QUOTE(lpotter @ Aug 17 2006, 09:35 AM)
QUOTE(nilch @ Aug 16 2006, 05:58 AM)
I can't help but agree ...
While it may be a good thing for developers and geeks , mainstream isnt going to be convinced unless apps are developed, not kernel hacks.
Developers and geeks is exactly who this if for! Not Joe Grandma barely-can-make-mobile-phone-calls, or even general mobile phone consumer.
Of course, understanding that is not for Joe six pack or Jane Grandma, what I want to stress on is the point that more apps on the Greenphone framework will make such an open based phone platform more attactrctive to "mainstream" phone manufacturers and ISP's et all, not consumers. Its adaptability factor will increase if mfrs can see that with an open platform they can have more apps on it, which will make it more attractive to consumers in turn.
Maybe, just maybe, that will also convince the carriers some what (though they are the the staunch opponents of freedom).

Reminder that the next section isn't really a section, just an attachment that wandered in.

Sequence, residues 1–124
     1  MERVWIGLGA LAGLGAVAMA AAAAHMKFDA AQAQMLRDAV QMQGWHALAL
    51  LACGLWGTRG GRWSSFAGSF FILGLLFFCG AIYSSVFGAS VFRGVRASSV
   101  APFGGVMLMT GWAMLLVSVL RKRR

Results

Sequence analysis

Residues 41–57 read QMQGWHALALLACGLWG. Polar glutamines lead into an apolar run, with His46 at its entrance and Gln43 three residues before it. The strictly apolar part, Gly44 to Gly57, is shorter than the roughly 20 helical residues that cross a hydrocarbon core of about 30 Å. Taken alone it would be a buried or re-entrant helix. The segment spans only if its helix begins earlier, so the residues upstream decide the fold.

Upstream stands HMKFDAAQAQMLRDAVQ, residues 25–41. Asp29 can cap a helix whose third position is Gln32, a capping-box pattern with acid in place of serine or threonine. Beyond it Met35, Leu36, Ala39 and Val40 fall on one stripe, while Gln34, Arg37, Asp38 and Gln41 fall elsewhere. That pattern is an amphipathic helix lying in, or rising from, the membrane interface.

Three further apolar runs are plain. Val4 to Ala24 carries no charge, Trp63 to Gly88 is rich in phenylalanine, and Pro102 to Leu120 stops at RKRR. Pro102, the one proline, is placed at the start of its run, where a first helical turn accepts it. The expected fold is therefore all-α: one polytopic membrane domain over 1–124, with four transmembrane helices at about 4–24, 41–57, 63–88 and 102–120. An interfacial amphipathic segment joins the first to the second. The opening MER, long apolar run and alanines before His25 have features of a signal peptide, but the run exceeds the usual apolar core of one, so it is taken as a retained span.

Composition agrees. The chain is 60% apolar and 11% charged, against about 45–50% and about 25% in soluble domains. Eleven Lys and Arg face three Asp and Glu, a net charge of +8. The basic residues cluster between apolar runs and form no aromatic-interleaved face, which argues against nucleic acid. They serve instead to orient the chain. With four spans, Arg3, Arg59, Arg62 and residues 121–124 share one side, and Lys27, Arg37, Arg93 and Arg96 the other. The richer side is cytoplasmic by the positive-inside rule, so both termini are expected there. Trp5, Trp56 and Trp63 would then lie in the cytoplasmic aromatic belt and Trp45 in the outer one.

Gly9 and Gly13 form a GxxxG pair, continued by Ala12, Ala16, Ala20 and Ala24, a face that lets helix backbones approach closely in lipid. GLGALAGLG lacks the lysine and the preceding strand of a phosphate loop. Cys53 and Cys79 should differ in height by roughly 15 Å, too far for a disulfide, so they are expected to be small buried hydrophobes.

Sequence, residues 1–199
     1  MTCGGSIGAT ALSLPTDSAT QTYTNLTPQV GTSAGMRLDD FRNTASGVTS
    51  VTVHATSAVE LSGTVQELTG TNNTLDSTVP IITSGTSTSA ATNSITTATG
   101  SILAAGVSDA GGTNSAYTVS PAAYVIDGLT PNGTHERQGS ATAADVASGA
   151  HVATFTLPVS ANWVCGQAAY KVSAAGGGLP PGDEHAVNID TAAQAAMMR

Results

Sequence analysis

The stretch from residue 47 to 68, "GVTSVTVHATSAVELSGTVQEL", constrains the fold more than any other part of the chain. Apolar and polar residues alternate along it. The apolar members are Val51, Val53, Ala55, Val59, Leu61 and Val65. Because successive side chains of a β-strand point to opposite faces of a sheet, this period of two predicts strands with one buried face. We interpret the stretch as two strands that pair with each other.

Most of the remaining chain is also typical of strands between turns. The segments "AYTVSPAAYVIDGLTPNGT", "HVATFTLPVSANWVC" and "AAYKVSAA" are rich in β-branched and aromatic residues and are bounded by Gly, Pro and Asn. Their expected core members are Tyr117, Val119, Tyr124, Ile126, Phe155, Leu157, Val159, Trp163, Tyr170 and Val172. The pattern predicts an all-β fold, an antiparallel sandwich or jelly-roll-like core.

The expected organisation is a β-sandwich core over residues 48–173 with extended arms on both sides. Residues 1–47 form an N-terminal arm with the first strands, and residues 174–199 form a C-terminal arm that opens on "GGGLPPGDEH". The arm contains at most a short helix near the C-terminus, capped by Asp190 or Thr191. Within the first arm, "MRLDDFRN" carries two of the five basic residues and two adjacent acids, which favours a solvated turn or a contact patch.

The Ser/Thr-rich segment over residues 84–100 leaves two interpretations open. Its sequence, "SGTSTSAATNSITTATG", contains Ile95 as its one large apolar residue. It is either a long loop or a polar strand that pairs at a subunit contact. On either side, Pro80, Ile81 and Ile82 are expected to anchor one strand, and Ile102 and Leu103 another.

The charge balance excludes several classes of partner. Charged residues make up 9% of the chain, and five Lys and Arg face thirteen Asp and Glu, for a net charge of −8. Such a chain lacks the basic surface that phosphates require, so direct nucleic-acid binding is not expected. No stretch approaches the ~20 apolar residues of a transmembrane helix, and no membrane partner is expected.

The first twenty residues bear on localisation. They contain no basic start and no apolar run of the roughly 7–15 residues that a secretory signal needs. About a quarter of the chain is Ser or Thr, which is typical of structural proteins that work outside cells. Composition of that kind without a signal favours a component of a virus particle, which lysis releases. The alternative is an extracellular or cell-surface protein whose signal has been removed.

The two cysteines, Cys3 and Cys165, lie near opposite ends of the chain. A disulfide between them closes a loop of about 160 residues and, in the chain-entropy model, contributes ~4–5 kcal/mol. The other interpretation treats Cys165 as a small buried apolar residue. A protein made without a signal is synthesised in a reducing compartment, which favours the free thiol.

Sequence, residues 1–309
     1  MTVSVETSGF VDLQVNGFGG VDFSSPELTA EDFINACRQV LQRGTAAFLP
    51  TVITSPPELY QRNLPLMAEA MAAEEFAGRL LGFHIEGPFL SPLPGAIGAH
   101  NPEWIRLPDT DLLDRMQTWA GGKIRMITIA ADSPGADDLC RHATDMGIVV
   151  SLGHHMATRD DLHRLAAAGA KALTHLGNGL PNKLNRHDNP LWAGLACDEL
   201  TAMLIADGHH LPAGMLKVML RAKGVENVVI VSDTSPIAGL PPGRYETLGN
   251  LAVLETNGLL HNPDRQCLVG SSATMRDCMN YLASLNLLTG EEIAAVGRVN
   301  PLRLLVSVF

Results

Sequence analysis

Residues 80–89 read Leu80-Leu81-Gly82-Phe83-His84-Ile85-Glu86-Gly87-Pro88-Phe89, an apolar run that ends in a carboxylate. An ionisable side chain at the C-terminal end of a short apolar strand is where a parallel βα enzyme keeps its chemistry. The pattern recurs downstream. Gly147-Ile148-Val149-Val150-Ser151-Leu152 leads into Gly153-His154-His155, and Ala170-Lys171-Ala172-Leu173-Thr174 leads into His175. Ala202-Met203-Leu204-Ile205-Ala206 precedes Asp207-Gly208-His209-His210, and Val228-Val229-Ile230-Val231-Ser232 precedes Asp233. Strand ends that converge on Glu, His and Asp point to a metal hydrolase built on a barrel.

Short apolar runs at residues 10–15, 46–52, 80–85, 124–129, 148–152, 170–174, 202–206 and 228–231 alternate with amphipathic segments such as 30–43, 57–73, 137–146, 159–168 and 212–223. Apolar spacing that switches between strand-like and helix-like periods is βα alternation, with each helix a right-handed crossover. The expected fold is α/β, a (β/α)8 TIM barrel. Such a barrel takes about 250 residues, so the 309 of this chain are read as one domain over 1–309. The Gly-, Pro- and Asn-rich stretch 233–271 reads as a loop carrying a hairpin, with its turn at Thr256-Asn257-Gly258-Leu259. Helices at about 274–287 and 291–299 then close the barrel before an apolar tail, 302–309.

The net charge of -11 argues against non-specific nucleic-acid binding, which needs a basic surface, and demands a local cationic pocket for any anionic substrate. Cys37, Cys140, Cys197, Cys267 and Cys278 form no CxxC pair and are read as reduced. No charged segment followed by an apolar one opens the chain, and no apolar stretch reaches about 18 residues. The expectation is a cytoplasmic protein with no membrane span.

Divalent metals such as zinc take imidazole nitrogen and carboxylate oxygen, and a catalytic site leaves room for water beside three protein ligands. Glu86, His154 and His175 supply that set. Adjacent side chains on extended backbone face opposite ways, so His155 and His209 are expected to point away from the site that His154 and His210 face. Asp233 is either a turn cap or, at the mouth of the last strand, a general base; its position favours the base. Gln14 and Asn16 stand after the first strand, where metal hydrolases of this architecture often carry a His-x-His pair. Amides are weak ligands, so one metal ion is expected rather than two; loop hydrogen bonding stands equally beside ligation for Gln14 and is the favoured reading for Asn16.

Its like all the apps for Palm made Palm PDA's such a in-demand product when palm started shelving out app development to the community (free and paid).
Windows CE intially didn't take off because of the lack of third-party apps.
The same maket paradigm can (and should) work for phones after all.
After all, phones are not only for making calls anymore and neither should it be only for apps (like Vcast GPS by verizon) sold and mandated only by the carriers. The general user should be able to buy a phone app from Handango (not counting the few Java game apps) and use it straightway on such a open phone.
So in the long run, such an open framework (or call it reference deisgn) like the greenphone is a very good step in making the market see the advantages of a open phone platform.